Presenting my work in progress so far last Thursday to the group led to mixed feedback. For those who had not seen my work for some time, some felt it was a large shift in direction from people to objects. For my tutor, Michelle, the project was becoming saturated with ‘things’ and not enough of a sense of ‘fairy tale’ or a “child’s vision of the world”. All, in their different ways, were spot on.

I’m coming to a better sense of the strength of what is there already, the weaknesses in what is already in there and what might be needed ‘in there’.

For that sense of a ‘child’s vision of the world’ and ‘fairy tale’, I’ve turned to Ringko Kawauchi in the hope that her deceptively simple yet exquisite use of luminance and colour might rub off on me.

Her use of metaphor feels particularly relevant in my work at the moment. More than that, she is so skilful at creating binary metaphors by juxtaposing two images that both enhance the depth of each individual image and then build a greater, third metaphor, that transcends each image on its own.

Rinko Kawauchi, Cui Cui
Rinko Kawauchi, Cui Cui

Her poetic pairings also convey beautifully the fourth dimension (or third in a photograph?), that of time.

In my own work I was keen to create multiple binary pairings too, sometimes not directly adjacent to one another but spread throughout the work. For example, in these images of bubbles I was keen to capture that rupture between a community seemingly running in the same way (or at least together) and then that feeling of utter loneliness. I purchased a child’s bubble machine and played with it…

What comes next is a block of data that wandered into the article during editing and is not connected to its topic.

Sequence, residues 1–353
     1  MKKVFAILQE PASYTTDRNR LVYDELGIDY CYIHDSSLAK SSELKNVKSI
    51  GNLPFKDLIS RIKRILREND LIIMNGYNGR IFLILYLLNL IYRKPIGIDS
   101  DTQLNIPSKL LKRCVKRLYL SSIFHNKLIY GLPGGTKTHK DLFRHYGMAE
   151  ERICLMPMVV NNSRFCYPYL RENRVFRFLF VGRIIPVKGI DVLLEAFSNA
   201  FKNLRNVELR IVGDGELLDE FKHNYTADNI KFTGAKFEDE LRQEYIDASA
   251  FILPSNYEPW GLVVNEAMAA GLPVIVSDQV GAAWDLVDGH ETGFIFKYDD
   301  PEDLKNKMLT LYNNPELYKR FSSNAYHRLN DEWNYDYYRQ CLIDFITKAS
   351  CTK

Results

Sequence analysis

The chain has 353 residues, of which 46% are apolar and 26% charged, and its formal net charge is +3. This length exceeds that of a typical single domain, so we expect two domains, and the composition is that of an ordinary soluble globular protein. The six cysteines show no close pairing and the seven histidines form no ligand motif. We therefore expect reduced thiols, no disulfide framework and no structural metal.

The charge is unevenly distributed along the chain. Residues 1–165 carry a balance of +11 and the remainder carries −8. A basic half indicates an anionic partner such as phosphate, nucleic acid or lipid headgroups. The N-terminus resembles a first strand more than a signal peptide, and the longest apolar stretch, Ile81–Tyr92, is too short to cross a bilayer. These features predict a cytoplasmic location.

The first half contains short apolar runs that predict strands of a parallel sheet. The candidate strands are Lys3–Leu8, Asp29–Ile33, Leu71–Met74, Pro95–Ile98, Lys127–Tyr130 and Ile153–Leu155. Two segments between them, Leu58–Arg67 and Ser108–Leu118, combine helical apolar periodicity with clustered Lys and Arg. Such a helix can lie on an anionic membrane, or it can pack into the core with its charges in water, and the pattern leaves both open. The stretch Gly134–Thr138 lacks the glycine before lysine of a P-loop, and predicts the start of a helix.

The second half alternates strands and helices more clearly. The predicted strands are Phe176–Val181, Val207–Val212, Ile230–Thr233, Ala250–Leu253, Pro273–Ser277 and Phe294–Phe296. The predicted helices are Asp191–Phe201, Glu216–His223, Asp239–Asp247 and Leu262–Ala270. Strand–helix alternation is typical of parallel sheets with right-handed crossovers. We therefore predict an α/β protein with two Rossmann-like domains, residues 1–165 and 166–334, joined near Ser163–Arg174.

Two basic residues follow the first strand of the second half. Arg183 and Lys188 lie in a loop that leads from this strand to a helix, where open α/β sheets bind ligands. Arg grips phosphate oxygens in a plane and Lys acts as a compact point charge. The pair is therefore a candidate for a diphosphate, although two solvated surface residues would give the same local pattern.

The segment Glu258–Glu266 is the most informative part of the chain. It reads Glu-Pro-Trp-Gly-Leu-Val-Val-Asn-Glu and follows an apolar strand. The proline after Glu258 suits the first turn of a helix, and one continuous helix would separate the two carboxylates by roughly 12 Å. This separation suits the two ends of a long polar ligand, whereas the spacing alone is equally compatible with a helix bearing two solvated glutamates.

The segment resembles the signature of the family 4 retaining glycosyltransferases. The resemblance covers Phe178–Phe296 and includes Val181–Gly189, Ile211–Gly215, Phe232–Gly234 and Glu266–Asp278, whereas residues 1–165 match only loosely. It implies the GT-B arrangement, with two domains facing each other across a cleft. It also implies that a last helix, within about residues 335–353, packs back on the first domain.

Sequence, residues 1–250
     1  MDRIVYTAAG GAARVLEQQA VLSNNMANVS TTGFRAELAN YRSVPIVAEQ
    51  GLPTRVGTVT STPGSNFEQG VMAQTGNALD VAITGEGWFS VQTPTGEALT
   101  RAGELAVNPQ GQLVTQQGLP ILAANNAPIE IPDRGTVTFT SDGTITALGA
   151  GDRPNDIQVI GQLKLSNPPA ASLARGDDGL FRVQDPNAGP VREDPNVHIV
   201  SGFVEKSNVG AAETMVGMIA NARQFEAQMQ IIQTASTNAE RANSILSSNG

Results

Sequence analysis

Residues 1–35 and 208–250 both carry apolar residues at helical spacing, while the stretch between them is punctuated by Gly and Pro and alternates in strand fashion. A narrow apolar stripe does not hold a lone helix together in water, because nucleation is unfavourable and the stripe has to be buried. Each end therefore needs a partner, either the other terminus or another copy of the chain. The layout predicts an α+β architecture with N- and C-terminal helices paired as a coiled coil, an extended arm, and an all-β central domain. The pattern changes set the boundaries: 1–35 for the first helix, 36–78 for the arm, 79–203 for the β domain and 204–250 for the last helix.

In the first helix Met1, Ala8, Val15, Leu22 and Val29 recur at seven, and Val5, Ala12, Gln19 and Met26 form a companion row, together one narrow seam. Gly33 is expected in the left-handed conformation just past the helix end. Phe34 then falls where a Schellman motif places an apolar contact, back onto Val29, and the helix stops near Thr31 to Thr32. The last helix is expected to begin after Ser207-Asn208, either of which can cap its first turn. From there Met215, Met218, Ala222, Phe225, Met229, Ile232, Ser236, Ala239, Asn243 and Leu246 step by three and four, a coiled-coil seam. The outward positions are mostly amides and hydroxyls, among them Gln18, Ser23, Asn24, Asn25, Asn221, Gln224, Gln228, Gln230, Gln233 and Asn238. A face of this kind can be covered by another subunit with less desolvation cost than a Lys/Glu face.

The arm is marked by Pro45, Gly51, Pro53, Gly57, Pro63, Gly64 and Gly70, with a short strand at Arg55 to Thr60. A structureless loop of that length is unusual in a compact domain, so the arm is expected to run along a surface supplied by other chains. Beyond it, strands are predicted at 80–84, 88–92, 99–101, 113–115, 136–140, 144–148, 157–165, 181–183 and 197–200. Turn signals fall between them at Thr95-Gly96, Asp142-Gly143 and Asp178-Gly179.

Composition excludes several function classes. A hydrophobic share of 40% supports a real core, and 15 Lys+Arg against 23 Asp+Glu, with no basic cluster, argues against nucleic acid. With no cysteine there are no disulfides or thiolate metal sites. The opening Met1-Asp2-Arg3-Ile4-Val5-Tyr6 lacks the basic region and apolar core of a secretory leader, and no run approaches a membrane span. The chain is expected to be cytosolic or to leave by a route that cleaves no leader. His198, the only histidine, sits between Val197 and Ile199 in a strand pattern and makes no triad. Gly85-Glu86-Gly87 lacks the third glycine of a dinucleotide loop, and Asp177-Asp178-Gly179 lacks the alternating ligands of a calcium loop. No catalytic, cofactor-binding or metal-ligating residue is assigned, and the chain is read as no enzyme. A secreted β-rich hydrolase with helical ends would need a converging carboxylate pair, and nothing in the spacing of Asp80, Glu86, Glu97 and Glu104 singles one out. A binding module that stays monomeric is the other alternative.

In the forum this week, I was delighted by some of the intrigue my posted photographs inspired. From the outset I have wanted to tell a double story in terms of maternal abandonment. The one which happens on the surface, and the one which happens on the inside. The two stories are nearly always in great tension.

This week I have come across The Epilogue by Laia Abril, which tells the story of Cammy Robinson life and death with Bulimia, told through posthumous testimony and images from family, therapists and friends and her own work. While bulimia is a very different subject to my own, something Abril wrote leapt out at me: “Bulimia is an illness about hiding things and pretending ‘everything is fine’.” (1)

This resonates so strongly with my own experience of maternal loss, which I have visualised with a gradual hardening of the imagery (the hardening was a self-protection method of mine as I was growing up (only to go in reverse as I dealt with the pain I carried around with me in my late 20s)).

Her statement on bulimia has been at the forefront of my latest sequencing, particularly now I have begun to add the text from my father’s writing. I wanted the soft aesthetics of the photography to grate up against the reality of his words.

In adding the text to the images, I’ve also found myself turning to Alec Soth’s Sleeping by the Mississippi. He uses colour throughout the work to represent the journey south, starting with cool tones and getting warmer as his journey takes him further along the Mississippi. It is such an effective visual strategy.

In my own project, I have borrowed something of Soth’s work but in my case the photographs go from tender and light to weighty and dark. The visual arc is in contrast to the text arc in which the story of my mother’s decision to leave us passes from instability and confusion towards the eventual clarity of loss.


  • Rinko Kawauchi: Various works
  • Laia Abril: The Epilogue, 2012
  • Alec Soth: Sleeping by the Mississippi, 2004


  1. Laia Abril in Colberg, Jens. Understanding Photo Books: The Form and Content of the Photographic Book (2017). Routledge

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